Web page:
At first glance you may mistake Sam Reichman for another NYU playwriting undergrad filling out his 3rd application at STRAND, or the guy at Hogwarts that Ginny Weasley was dating before Dean Thomas, or Eric Snowden’s political decoy. Someone who, if you saw him above 96th street, you might approach and ask “Are you lost?” And yet, this Anthony Rapp-Looking 22-year-old from Kansas City (And i mean Kansas City, KS) has lived in places that the average American would find far less appealing than Riverside Park at 2am. A former student at the University of Jordan, Sam, who is fluent in Arabic, has spent the past few years preparing for a career in refugee resettlement in the Middle East. Although he’s just graduated from college, he already has an impressive resume, having worked with an NGO providing health aid to Syrian refugees in Jordan and later teaching english and creative writing to Palestinian refugees in Lebanon.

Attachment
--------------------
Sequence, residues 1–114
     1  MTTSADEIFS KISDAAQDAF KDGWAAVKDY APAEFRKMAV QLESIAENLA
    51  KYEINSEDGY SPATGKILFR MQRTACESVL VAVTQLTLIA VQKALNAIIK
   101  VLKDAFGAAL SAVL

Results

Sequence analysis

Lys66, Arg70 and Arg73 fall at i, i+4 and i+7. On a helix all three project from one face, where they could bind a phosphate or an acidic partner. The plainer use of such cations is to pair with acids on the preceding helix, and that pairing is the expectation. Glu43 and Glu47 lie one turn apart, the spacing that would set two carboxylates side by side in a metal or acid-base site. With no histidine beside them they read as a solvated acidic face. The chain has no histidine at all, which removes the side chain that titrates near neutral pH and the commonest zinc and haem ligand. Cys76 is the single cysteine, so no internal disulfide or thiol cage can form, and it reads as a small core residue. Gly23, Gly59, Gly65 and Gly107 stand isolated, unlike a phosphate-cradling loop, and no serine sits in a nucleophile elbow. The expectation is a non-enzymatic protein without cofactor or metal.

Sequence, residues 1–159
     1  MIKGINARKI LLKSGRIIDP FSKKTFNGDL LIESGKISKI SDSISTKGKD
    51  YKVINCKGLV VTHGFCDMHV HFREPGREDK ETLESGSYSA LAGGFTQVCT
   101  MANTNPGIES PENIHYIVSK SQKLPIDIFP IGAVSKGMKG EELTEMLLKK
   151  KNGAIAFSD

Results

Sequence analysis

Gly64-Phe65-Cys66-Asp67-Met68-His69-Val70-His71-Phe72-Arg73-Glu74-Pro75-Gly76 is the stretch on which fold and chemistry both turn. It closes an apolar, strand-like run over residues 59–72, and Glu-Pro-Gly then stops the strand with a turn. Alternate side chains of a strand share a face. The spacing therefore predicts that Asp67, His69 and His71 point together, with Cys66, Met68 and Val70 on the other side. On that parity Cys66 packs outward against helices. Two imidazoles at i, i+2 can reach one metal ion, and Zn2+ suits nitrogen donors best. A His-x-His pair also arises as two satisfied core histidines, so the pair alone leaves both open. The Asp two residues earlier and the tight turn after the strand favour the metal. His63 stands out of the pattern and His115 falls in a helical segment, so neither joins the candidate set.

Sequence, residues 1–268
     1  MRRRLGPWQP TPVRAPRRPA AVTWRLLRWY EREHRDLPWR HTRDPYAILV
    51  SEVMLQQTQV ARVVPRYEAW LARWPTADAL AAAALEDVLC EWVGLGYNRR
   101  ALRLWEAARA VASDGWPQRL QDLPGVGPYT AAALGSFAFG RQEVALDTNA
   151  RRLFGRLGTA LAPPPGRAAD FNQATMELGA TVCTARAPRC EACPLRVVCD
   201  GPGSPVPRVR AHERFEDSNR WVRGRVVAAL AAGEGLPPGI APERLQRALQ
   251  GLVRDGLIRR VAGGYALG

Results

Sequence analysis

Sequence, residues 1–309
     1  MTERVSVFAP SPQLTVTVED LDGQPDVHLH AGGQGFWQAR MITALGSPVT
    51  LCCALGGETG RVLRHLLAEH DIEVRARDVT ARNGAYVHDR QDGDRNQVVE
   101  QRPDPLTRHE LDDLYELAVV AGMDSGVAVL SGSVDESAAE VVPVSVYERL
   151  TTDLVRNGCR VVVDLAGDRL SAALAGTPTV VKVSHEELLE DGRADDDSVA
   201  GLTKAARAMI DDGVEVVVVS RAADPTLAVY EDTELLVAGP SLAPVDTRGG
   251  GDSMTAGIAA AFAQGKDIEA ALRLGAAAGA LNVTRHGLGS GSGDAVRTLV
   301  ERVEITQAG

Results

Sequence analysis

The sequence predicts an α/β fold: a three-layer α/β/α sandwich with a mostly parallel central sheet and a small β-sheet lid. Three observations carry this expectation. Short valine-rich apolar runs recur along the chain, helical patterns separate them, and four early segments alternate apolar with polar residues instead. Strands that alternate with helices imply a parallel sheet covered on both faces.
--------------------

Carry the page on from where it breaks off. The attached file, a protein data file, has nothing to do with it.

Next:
We met at a poetry slam in the Lower East Side on his last night in New York City following his graduation from Columbia. On stage he announced that he was getting on a plane in the morning and didn’t know when he’d be back, and proceeded to read a poem –
“And isn’t it serendipitous-
the way the streetlamps hum with the quiet glow of the night sky…
Situations unexpected arise in New York”
They sure do.
I was heading out for a drink afterwards with TSNP friend + founder of Wildfire Open Mic, Nisha Asnani (who’s debut music video is coming soon, along with our Behind-the-Scenes feature) and we asked Sam to join us, where he told us more about himself over pizza and Brooklyn Lager. He has the sort of life story that makes you say out loud, “Damn. Well that’s a lot more meaningful than anything i do.” And so before he headed to Portland to see his sister and then off to India to kill time before getting back to work, i suggested we try to get something on tape.
And isn’t it serendipitous the way my camera battery, which had been flashing red earlier in the night, lasted long enough for us to shoot for almost five minutes up at Grant’s Tomb in Riverside Park. It was a modern day Chanukah story.